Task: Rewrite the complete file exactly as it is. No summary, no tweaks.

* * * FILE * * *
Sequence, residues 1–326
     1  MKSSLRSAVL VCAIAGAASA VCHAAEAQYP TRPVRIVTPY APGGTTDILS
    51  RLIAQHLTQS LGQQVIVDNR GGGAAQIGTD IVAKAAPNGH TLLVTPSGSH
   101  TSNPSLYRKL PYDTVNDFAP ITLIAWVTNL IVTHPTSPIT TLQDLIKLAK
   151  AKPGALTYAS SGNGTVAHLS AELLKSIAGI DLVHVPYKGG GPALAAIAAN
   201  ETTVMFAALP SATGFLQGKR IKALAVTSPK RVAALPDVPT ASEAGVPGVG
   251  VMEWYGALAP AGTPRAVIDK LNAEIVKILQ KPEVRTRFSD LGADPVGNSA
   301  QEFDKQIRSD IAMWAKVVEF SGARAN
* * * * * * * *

Sequence, residues 1–326
     1  MKSSLRSAVL VCAIAGAASA VCHAAEAQYP TRPVRIVTPY APGGTTDILS
    51  RLIAQHLTQS LGQQVIVDNR GGGAAQIGTD IVAKAAPNGH TLLVTPSGSH
   101  TSNPSLYRKL PYDTVNDFAP ITLIAWVTNL IVTHPTSPIT TLQDLIKLAK
   151  AKPGALTYAS SGNGTVAHLS AELLKSIAGI DLVHVPYKGG GPALAAIAAN
   201  ETTVMFAALP SATGFLQGKR IKALAVTSPK RVAALPDVPT ASEAGVPGVG
   251  VMEWYGALAP AGTPRAVIDK LNAEIVKILQ KPEVRTRFSD LGADPVGNSA
   301  QEFDKQIRSD IAMWAKVVEF SGARAN